Defendants have for many years produced millions of automobiles that collectively emit massive quantities of carbon dioxide in the United States and have thus contributed to an elevated level of carbon dioxide in the atmosphere.
. . .
Defendants knew or should have known, and know or should know, that their emissions of carbon dioxide and other greenhouse gases contribute to global warming and to the resulting injuries and threatened injuries to California, its citizens and residents, environment, and economy.
The complaint alleges specific harm to California. Paragraph 4 alleges the costs of planning, monitoring, and infrastructure changes to deal with "a large spectrum of current and anticipated impacts":
  • reduced snow pack leading to future water shortages and flooding
  • coastal and beach erosion
  • increased ozone pollution
  • sea water intrusion into Sacramento Bay-Delta drinking water supplies
  • impacts to wildlife including endangered species and fish
  • wildfire risks
  • long-term monitoring needs
This case will probably be in the courts quite a while. It'll be interesting to read the parties' briefs.

Tuesday, September 19, 2006

hurricanes in Europe?

An article in the Insurance Journal (no, I don't normally read it; Google News turned it up) suggests that Hurricane Gordon might hit Europe on Thursday. It's based on the National Hurricane Center's three-day prediction showing the hurricane heading for Spain.

Monday, September 18, 2006

the Pope's speech

I'm not going to give an opinion on the Pope's speech and the furor that came after it, at least not now, except to say this: you can find a copy of the address itself here:

You can--and should--read it and decide for yourself what you think. Please notice that the preceding sentence recommended two actions: read it first, then decide. Most of the "discussion" I've seen so far could benefit greatly from a better grounding in the facts.

Sunday, September 17, 2006

time warner and routers

A friend asked me to set up a router to work with his Time Warner cable modem. The symptoms were confusing: if you plugged his PC into the cable modem directly, the cable modem would give it an IP address and everything was happy. If you plugged the router into the cable modem, there was a link light but nothing else.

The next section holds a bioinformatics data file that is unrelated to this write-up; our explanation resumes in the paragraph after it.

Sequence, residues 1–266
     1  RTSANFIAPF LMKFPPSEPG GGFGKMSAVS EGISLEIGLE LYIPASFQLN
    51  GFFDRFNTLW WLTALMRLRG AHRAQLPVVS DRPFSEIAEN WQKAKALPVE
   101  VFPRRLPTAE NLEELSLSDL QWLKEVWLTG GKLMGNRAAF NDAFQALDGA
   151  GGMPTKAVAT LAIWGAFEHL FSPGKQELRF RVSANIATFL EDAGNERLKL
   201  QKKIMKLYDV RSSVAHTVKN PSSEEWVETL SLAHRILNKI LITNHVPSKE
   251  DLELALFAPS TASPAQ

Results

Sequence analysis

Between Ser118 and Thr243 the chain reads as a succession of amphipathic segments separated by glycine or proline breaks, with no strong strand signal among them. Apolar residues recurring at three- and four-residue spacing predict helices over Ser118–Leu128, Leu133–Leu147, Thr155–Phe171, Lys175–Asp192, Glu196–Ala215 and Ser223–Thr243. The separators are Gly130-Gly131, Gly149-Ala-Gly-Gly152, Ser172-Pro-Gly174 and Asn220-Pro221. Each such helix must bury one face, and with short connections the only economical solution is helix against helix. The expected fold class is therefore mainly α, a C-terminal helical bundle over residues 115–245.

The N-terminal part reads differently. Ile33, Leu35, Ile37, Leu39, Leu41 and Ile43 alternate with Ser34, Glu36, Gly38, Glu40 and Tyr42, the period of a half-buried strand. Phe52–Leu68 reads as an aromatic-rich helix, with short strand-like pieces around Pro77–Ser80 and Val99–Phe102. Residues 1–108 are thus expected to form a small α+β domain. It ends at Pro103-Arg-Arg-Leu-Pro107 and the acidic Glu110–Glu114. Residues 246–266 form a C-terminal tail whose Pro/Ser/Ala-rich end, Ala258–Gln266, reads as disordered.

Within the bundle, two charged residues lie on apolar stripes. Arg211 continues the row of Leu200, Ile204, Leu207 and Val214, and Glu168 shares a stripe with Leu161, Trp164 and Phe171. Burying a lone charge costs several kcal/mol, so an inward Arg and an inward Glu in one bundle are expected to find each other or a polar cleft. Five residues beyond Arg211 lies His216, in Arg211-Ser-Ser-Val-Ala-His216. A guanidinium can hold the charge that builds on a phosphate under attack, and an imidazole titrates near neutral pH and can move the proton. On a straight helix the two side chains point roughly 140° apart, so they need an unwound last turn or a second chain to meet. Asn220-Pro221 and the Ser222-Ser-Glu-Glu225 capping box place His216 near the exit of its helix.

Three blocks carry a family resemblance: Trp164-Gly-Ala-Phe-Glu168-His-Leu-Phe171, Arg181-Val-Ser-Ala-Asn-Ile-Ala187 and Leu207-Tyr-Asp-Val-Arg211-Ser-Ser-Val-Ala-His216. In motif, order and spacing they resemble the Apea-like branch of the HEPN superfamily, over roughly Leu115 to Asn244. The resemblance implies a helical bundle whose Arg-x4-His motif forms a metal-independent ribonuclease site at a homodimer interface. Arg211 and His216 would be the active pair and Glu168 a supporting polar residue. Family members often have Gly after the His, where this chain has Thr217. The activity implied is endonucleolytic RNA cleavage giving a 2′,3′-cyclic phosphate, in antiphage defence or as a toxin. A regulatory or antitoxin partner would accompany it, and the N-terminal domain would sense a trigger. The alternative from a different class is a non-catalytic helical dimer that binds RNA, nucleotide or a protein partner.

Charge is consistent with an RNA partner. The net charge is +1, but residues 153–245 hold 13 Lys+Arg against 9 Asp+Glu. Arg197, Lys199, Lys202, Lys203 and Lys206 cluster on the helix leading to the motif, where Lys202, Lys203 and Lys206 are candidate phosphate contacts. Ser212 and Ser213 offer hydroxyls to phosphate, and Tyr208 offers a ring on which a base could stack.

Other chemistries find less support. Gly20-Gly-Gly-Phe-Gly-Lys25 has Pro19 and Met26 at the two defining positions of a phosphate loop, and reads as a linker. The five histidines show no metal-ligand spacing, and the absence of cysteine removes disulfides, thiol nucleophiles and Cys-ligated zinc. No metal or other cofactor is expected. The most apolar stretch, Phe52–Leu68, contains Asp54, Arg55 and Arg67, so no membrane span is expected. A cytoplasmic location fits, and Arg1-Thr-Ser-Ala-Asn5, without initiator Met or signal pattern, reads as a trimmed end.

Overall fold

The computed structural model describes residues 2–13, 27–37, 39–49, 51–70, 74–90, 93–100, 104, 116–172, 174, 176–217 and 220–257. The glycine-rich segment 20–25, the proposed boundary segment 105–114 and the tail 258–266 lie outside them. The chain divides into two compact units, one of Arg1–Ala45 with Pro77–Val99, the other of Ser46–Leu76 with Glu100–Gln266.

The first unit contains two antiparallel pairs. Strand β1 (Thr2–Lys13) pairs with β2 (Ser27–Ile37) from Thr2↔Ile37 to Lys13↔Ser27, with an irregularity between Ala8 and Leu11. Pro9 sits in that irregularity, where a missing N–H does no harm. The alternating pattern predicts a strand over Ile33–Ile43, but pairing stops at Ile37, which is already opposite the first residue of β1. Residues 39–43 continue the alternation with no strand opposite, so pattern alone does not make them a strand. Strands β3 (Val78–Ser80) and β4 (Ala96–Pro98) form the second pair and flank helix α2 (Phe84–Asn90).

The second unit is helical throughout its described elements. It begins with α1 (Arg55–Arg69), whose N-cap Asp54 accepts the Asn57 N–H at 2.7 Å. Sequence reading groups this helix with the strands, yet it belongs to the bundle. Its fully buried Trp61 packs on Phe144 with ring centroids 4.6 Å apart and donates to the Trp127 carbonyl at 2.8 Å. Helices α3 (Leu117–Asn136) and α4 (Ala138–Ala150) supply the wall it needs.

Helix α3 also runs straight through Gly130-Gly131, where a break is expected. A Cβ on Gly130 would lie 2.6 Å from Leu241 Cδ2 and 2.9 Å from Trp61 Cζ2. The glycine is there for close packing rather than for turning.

After a couple unhelpful tech support calls, during which T-W's techs repeatedly told me I'd have to call the router manufacturer, despite my patient explanations that the router manufacturer wouldn't know diddly-squat about how T-W set up its network, a Google search got to the bottom of it: Time Warner is filtering by MAC address.

You see, every Ethernet device in the world has a unique serial number, called a MAC address. When the Time Warner tech set up my friend's cable connection, he must've configured the cable modem so it would answer to the Ethernet jack on the back of my friend's laptop--and only to that Ethernet jack. Because of the way T-W set up their cable modem, if my friend had to replace the laptop, or decided to plug in a desktop machine instead, or bought a PC-Card Ethernet card and plugged that in, or plugged in a router, the cable modem wouldn't deign to talk to it because it would have a different MAC address. Of course, none of the techs mentioned anything about this limitation when we talked to them, even after the Google search when my friend was pressing them about whether there was any sort of filter in the modem.

Anyway, the work-around is easy: newer routers, like the Linksys WRT54G, have a feature called "MAC address cloning." The router can change its Ethernet's MAC address to match whatever one your PC uses. Clone the MAC address and suddenly the cable modem is friends with your router.

Of course, it's up to you whether you want to do business with a company that goes to such lengths to make it hard to use the service it's purportedly selling you. Personally, I have DSL with one of T-W's competitors.

Thursday, September 14, 2006


My car's in the shop. As cars get older, more things break down, and I drive a pretty old car. The shop had some wildly obscure parts in stock, like a valve for the bug washers and a plate that goes behind a handle that's used only on pre-1993 convertibles, but they had to overnight, of all things, a power steering hose. Hopefully it'll be done today.

Now, I have a loaner car, so I'm not without wheels, but it's not my car, and it's amazing how disorienting that fact can be. And sad, in a way: a 2000+ pound piece of machinery has become so central to my life that I'm distracted and confused when it's not around, even when a perfectly functional substitute is available.

Wednesday, September 13, 2006

aquasaurs (triops launcauditus)

Our niece is getting aquasaurs, scientifically known as triops launcauditus, for her birthday. I did a bit of investigating to find out more about such odd-looking three-eyed creatures. Here are the highlights of digging through the web. You can find more details at the Netfysh Triops FAQ,, the ever-popular Wikipedia, and the FAQ.